Considering Kubernetes or Docker Swarm for your IoT device? Think twice!

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Posted on May 14, 2024 by Tyler Baker

4 min read

The use of containers is becoming mainstream in the development of embedded computing and IoT devices. This means that more and more embedded developers are faced with the task of orchestrating a set of containers for their hardware target. Once a design reaches production, they need to perform functions such as deployment, scaling, load balancing, logging, failover, and monitoring of containers.

Ready-made systems for performing these functions exist in the enterprise computing world: Kubernetes, maintained by the Cloud Native Computing Foundation, and Docker Swarm. But how well do they work in the embedded world?

For various reasons, not very well, and there is a better alternative.

Let’s explore the options.

Perfect for a data center

To understand the drawbacks of Kubernetes and Docker Swarm, it is helpful to know their genesis. Kubernetes was created by Google to manage the billions of containers which form applications such as Maps and Meet; it was then made available as open-source software. Google’s applications run on gargantuan racks of servers operating in the precisely controlled environment of a data center. One of the functions that Google built into Kubernetes was balancing the compute load across a networked array of hardware resources.

Docker Swarm is similarly optimised for the management of containers in a server-based enterprise computing environment.

This environment is clearly the polar opposite of an IoT device, which is normally a stand-alone unit rather than part of a distributed computing resource. Unlike a data center’s server, it is also subject to intermittent interruption of its network connection, and potentially its power supply, and has highly constrained memory and compute resources.

Supporting the outsize features and capabilities of Kubernetes or Docker Swarm in a constrained IoT device exposes it to a host of risks and dangers. So while the large pool of developers who are familiar with Kubernetes or Docker Swarm might make it seem appealing to embedded device OEMs, in practice, attempts to use these platforms in the embedded world will tend to quickly be consumed by difficulties.

Troublesome update deployment

One manifestation of the non-alignment between Kubernetes/Docker Swarm and the IoT is in the deployment of firmware updates. Kubernetes and Docker Swarm are optimized for an environment in which power, compute and network bandwidth are effectively unlimited. So they adopt a synchronous mode of deploying firmware updates, requiring their simultaneous adoption across all devices.

This is impracticable for fleets of IoT devices, which can suffer from connection outages, or be held in sleep or hibernate mode for long periods. This means that over-the-air updates to IoT devices need to be asynchronous, allowing different devices to log in and download the update at different times.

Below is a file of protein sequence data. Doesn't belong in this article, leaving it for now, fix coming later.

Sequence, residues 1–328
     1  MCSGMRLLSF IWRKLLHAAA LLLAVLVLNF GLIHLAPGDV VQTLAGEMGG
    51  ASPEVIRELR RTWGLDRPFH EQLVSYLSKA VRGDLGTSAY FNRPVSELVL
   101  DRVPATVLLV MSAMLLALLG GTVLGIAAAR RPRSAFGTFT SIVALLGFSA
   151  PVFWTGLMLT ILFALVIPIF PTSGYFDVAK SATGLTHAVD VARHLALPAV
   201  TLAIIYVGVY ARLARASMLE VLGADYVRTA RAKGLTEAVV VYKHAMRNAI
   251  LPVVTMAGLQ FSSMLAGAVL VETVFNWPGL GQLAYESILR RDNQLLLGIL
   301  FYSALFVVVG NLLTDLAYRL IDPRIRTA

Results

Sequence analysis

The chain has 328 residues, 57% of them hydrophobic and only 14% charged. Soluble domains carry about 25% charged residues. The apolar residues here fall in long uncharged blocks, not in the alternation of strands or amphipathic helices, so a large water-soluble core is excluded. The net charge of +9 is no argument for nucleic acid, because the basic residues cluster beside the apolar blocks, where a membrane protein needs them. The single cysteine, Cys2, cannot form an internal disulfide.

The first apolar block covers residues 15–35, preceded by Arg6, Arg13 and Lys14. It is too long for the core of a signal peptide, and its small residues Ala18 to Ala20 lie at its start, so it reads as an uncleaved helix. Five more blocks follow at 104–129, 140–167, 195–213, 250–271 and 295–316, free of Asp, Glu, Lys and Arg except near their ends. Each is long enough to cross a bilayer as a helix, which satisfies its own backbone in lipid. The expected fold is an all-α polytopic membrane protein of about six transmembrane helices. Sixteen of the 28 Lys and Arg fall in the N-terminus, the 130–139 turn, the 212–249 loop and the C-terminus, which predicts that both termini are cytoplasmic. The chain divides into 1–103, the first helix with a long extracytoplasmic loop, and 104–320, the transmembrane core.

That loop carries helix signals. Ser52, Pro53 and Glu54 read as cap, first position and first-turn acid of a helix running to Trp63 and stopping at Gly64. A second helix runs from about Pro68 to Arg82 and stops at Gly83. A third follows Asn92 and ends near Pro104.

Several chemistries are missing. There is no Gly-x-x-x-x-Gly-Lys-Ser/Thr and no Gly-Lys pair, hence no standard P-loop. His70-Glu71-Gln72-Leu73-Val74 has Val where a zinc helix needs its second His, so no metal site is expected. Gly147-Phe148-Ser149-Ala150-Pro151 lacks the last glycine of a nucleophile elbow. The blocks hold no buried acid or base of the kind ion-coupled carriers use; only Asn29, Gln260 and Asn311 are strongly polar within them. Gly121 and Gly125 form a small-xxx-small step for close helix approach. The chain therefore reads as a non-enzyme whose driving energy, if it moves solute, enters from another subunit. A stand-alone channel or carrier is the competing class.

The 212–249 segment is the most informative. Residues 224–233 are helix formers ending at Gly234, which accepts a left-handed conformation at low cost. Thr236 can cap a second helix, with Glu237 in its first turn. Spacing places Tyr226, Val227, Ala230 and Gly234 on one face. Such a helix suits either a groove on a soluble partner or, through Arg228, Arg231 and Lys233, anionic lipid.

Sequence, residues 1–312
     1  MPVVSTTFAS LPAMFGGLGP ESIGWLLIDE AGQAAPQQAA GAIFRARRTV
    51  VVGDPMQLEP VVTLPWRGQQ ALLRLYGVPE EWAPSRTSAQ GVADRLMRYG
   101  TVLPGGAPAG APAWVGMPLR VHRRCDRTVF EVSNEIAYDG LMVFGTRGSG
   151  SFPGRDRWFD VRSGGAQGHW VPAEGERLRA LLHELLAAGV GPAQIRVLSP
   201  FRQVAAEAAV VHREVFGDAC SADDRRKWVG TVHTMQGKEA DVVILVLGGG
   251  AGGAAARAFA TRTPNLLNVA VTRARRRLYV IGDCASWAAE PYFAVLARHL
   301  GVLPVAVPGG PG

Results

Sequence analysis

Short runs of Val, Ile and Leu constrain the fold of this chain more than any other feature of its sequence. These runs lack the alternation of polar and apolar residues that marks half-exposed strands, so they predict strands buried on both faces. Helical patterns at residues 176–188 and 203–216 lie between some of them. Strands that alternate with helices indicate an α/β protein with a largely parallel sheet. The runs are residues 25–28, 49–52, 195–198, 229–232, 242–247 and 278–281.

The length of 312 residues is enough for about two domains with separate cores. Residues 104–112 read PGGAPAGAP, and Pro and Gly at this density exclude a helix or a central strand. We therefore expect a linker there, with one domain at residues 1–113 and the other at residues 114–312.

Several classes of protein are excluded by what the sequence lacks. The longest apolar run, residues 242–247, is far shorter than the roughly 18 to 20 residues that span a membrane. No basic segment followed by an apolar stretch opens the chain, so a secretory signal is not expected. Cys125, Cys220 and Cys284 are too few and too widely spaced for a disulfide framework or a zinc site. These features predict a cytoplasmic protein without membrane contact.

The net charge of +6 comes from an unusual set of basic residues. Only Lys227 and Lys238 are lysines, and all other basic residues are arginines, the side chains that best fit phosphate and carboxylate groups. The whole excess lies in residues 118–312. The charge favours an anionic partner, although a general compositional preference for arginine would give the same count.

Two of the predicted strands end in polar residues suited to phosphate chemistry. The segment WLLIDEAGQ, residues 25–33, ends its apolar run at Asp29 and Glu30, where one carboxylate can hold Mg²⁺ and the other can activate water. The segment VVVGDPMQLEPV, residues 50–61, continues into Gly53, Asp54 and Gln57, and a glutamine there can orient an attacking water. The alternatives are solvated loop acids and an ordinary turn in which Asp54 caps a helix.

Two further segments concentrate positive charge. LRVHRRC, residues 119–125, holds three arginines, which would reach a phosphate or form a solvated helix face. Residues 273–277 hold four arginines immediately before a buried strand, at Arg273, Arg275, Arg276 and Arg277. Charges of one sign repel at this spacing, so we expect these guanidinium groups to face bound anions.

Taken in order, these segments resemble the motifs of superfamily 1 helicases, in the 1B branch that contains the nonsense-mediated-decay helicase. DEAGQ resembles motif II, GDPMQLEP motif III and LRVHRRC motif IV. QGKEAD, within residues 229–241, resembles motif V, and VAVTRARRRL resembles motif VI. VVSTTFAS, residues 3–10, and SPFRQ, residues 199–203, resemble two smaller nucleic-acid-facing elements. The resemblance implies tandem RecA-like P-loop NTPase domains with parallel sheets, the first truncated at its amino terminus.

The second problem for users of Kubernetes or Docker Swarm, which require the maintenance of an open port to external devices, is security. In a data center, a server with an open port is protected by multiple layers of physical and logical security, from the barbed wire fence and guarded entrances which limit access to authorized personnel, to the grid-independent back-up power supply which ensures that no server suffers from an unplanned shutdown.

These features are essential to the secure and reliable operation of Docker Swarm and Kubernetes, but none is available to an IoT device. The security of an IoT device relies on its own resources. External software such as an upgrade package cannot gain access via an open port, but has to pass securely encrypted barriers which guarantee the software’s authenticity.

An IoT-native option for container orchestration

Users of the FoundriesFactory® platform benefit from a solution which does not entail the top-heavy, oversized resources of Kubernetes or Docker Swarm. Built into the FoundriesFactory system is support for a container utility based on the open-source Docker Compose system.

In the FoundriesFactory platform, container updates can be deployed flexibly and asynchronously. The Compose-based utility is also robust, featuring methods for minimizing the risk of code corruption in the event of a power or connection fault, and providing for fail-safe recovery if corruption occurs. The FoundriesFactory software also includes a function called ‘Reset app’: if an app gets corrupted, the function retains a local copy which can replace the corrupted version, enabling the IoT device to be reinstated after it suffers a power failure that would disable Docker operations.

Crucially, the Compose-based utility in the FoundriesFactory platform is easy for developers who are familiar with Kubernetes or Docker to learn, as the terms and services are described and operate in a very similar fashion.

So while Kubernetes and Docker Swarm can seem superficially attractive for container orchestration because of their broad use in enterprise computing, they are inappropriate for embedded and IoT devices – and a much better IoT-native alternative is available to users of the FoundriesFactory platform.

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